The selection of transaction sequences for the test is also important. For example, 1,000 transactions transferring a certain amount of tokens between 2 accounts is not the same as transactions transferring tokens between 1,000 different accounts. The latter may affect the behavior of the memory, disk, and processor on the nodes. To obtain good test results, the system should take minimum effort to accelerate the test and cover its vulnerabilities. To test payment transactions, it is reasonable to use N random accounts (should be new every time), transactions that transfer random amounts of tokens, and files with random contents for file storage.
In my opinion, Test Driven Development or TDD is the best paradigm for blockchains and smart contracts. It involves continuous addition of new test scenarios and acceptance of new code only if it passes all the scenarios. Also, with TDD you will have to automate blockchain deployment from the very beginning that in turn will save you a lot of time in the future.
Automated deployment of a blockchain from scratch allows developers and the project team:
Blockchain deployment is not very different from the scripts that run a database cluster. To some extent, it’s even easier thanks to a peer-to-peer network. Here are several scenarios for deploying a Polkadot test network with a boot node for massive network performance tests based on the Parity Substrate engine. We used the same scenarios for testing Haya, and they saved us a lot of time.
Scenarios for validator deployment may require pre-set peer IDs of all validators. Thus, they will never exclude each other from the list and wait until the connection is restored in case of network issues.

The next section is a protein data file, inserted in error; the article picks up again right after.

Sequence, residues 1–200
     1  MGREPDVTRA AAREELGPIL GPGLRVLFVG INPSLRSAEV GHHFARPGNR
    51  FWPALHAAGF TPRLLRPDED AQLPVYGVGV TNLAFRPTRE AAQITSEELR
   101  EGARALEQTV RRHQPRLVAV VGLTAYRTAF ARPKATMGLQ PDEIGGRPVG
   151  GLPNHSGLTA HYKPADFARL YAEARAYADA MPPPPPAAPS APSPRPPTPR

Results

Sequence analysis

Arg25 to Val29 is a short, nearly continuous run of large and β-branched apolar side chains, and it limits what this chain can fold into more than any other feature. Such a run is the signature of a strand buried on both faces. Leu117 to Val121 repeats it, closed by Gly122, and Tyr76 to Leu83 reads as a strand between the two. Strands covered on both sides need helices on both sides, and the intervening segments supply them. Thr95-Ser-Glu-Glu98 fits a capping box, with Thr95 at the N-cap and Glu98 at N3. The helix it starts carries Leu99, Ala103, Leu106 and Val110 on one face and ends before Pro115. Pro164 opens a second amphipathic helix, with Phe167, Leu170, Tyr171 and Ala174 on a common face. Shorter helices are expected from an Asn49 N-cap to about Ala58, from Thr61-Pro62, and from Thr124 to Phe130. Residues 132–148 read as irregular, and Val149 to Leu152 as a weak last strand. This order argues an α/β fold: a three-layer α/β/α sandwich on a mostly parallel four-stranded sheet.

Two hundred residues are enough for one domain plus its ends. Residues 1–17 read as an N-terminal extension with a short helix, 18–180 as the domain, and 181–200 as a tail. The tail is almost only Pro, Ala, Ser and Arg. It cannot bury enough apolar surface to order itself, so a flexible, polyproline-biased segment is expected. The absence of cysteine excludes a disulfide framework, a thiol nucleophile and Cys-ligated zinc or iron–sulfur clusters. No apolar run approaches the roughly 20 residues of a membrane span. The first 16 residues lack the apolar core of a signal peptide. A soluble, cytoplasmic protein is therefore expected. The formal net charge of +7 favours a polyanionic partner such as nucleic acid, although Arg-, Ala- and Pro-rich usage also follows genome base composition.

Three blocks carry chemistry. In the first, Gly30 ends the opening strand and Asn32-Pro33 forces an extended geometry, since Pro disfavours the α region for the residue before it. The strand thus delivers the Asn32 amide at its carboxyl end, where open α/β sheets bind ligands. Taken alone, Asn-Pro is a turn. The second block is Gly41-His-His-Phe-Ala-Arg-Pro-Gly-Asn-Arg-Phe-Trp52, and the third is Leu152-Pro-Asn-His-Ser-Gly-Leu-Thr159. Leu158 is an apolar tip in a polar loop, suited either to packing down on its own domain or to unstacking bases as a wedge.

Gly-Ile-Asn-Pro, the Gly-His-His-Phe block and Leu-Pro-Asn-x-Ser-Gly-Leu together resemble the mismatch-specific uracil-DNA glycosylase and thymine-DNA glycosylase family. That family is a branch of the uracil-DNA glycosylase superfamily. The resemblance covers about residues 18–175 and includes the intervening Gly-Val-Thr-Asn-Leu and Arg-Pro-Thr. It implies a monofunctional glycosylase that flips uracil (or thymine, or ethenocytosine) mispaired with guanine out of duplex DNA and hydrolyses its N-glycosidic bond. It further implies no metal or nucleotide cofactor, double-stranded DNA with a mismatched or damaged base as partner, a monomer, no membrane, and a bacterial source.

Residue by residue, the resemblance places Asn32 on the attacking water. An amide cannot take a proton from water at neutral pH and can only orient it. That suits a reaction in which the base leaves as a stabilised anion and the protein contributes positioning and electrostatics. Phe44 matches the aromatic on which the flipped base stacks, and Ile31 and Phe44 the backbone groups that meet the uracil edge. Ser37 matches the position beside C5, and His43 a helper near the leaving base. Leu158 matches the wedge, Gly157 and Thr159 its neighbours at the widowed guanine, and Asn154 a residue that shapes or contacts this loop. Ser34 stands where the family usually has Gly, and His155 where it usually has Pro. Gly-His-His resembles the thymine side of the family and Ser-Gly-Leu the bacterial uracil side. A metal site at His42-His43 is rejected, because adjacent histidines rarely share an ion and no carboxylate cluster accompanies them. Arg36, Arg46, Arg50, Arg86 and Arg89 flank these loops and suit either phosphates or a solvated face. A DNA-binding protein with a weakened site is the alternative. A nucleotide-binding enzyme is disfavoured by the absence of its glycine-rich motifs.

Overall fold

You can start this procedure at the early stages of testing. The blockchain requires an initial account to distribute balances for tests, allocate resources or carry out configuration procedures. As a rule, validator accounts are used for these tasks.
Automating such tasks, you will have to send addresses and private keys of validators and test accounts to public repositories. This is not a big deal, it’s even convenient - your product manager will be able to use one wallet and present it to investors, while all test scripts will use ready-made accounts. (Never use these accounts in the mainnet!)
The test network launch is coming. The project team proves that the code is consistent, the network can operate without stops for a long time, and anyone can use it. This is the main difference between blockchains and centralized systems - from now on it will be very hard to hide errors and shortcomings.
For teams that decide to build their own blockchain without using current engines, testnet launch is a more exciting event than going mainnet. Before testnet you could easily “annule” the blockchain and start from the first block, but now that there are some services that testers, auditors, and external teams are studying, this is extremely undesirable.
To ensure a smooth start, it makes sense to have one or more boot nodes with fixed public addresses. New nodes will not be searching for testnet nodes in the network, but will contact these fixed addresses instead, receive an up-to-date list of peers, and quickly synchronize with the network. Your team is responsible for maintaining the relevant boot nodes.
When the testnet is running, the so-called replay scenario is possible - transactions are “replayed” by all nodes starting from the genesis block. It is relevant if there was a change in the logic of transaction processing and the state of all nodes must be rebuilt from the very beginning, without losing user transactions. In case of critical errors, this scenario is also possible in the mainnet. So, it is worth trying it in the testnet in advance.
Sometimes a test network requires more devops attention than mainnet. In the mainnet, a project can have only one or two validators, and the team only monitors and backups the main services. Testnet may require updating a large number of nodes and continuous support of many people. At this point, all previously created automated software updates will come in handy.
You can also delegate testnet launch to the teams that will build solutions for your blockchain or be validators of your network. This is an ideal option because switching from the test network to the mainnet will be very easy and without unpleasant surprises. Good luck!
Read the previous parts on Hackernoon: